Legal Questions October

Kimball, Tirey & St. John LLP
Questions & Answers
Ted Kimball, Esq.

1. Question:

I rent out a three-bedroom home with a covered patio that I have turned into a fourth bedroom.
There are four individual people renting. My question is, can I call it renting rooms or am I
renting a house to four different people?

Answer:

It is better if you rent the house to all four under one lease with each tenant being “jointly and
severally” liable, meaning they are individually responsible for the lease, as well as collectively.

2. Question:

We have a policy of allowing prospective tenants who have poor credit to qualify if they have a
qualified guarantor sign the lease. We want to change that policy. Do we have to do anything
legally speaking to modify our policy?

Answer:

Be sure to document the details of the new screening policy in your files and the effective date
that it will be implemented. That way, if someone claims they were given different screening
criteria than someone else, you have documentation to show when the new policy came into
effect.

3. Question:

In order to screen prospective tenants, I want to establish a standard of income/debt vs. rent. Is
this legal in California?

Answer:

Many landlords use a formula to determine qualification of residents based upon their financial
stability. This type of screening is desired because of its objectivity. Non-discriminatory point
systems can also work well to provide objective selection standards.

4. Question:

The previous owner of an apartment building I recently purchased allowed the tenants to pay
half a month’s rent on the first and the other half on the fifteenth of the month. The lease,
however, says it is all due on the first and I want to enforce the lease. What, if any legal
problems do I face?

Answer:

California judges may find that there has been a modification of the payment terms of the
agreement by “mutual consent and execution” of the new payment terms. Many leases have a
provision which states that one waiver of strict enforcement of the terms does not constitute a
continuous waiver for subsequent breaches. If the agreement contains this clause, the court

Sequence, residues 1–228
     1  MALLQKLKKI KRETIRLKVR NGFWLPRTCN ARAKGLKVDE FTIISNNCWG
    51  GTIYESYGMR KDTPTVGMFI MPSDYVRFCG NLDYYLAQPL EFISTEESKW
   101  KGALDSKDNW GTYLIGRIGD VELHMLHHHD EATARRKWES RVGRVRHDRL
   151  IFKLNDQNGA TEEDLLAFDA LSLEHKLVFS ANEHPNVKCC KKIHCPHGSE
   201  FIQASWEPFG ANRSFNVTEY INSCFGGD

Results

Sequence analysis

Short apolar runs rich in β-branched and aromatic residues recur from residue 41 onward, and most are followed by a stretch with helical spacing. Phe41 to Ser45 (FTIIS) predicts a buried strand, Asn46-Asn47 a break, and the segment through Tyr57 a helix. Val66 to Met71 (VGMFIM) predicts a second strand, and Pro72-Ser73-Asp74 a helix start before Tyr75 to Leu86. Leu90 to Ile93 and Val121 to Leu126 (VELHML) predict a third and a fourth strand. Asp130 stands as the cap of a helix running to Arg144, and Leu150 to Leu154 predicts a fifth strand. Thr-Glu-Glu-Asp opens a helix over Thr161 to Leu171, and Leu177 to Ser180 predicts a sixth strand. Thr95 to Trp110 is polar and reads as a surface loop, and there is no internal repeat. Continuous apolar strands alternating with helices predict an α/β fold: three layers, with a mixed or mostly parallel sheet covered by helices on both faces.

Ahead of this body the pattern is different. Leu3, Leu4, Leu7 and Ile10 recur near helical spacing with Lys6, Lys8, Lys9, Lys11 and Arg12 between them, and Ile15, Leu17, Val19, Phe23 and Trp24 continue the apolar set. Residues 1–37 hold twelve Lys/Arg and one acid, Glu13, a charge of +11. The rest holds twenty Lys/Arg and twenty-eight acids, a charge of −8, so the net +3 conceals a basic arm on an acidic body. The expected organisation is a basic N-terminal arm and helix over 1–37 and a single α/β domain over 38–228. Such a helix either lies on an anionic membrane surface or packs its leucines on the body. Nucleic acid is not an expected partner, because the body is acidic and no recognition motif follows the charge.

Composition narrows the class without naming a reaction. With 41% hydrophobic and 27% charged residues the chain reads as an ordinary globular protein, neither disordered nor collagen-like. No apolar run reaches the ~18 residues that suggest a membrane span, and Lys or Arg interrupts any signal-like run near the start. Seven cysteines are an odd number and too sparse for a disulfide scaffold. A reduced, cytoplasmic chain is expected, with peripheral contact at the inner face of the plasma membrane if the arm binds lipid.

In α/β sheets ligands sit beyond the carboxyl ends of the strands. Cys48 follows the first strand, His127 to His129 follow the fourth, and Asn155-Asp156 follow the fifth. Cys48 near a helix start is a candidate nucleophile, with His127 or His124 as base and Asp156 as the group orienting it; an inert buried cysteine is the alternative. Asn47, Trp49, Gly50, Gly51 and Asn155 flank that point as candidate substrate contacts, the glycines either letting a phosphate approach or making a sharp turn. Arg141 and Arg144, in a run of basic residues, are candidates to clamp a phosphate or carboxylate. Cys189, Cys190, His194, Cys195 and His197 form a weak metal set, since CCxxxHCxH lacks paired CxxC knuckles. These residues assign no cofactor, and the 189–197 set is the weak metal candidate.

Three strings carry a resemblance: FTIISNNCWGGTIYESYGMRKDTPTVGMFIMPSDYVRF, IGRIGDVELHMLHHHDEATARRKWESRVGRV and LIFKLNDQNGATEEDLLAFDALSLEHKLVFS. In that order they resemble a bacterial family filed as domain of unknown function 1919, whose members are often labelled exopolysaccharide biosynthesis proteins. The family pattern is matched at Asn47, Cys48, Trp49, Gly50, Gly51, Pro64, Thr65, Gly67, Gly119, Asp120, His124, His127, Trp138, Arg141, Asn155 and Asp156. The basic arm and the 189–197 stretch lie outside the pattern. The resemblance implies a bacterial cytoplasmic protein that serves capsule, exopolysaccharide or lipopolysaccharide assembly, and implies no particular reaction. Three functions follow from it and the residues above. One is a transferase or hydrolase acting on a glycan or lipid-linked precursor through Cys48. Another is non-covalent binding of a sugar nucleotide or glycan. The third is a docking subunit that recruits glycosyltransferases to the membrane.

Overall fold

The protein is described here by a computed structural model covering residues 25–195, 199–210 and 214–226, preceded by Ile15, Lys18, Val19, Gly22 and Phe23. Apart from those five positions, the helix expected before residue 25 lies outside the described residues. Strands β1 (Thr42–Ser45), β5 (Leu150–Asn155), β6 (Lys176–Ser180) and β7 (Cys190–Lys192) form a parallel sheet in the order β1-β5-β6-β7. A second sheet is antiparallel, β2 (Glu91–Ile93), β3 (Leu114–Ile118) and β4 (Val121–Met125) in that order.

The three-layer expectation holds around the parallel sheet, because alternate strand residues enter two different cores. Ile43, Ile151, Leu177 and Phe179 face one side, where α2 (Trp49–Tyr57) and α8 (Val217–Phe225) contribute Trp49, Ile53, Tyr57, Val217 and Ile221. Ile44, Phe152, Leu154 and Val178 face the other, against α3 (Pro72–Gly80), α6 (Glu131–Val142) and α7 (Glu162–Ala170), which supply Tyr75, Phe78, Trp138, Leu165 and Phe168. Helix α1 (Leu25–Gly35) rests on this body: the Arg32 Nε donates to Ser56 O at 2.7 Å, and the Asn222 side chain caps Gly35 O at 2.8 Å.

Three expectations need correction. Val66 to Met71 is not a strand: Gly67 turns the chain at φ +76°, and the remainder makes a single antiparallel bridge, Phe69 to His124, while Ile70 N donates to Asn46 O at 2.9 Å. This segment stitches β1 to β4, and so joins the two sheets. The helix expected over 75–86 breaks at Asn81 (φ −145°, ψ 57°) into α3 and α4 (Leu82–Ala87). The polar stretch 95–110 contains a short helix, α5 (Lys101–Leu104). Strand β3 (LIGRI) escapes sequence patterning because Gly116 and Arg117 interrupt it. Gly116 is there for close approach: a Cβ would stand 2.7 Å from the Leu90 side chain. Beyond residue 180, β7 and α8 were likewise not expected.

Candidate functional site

should rule that the rent is all due on the first of the month.

5. Question:

One of our tenants is complaining about the carpet and says it is California law that the
carpeting must be changed every seven years. Have you heard of any law on this subject?

Answer:

California law does not require landlord to replace carpeting, unless the condition of the carpet
creates a health hazard or risk of injury.

6. Question:

When tenants give notice that they will be vacating the residence, is it permissible for me to give
them a notice stating that I will be advertising the vacancy and will be showing their apartment?

Answer:

Unless the tenant agrees to another arrangement, you would be required to give reasonable
notice (24 hours) in writing for every entry.

7. Question:

I have a “Guarantee of Rental Agreement” from the mother of a tenant. The tenant is twelve
days late with the rent. Do I have an obligation to notify the mother and give her the chance to
pay? What is my recourse against her if she refuses to live up to the guarantee agreement?

Answer:

Notifying the guarantor may be a requirement depending upon the language of the guarantee
agreement. You may want to advise the guarantor in any event and send her a courtesy copy
of the three-day notice before taking action.

8. Question:

Is it necessary that a notice to perform or quit be for three days, or can I choose to give an
otherwise good tenant more time to solve the problem?

Answer:

You can give the tenant more time to respond to a breach, but it should end with a three-day
notice. You could write the tenant that you are going to allow them to cure the breach by a
certain date and if not cured by then, a three-day notice to perform will be served.

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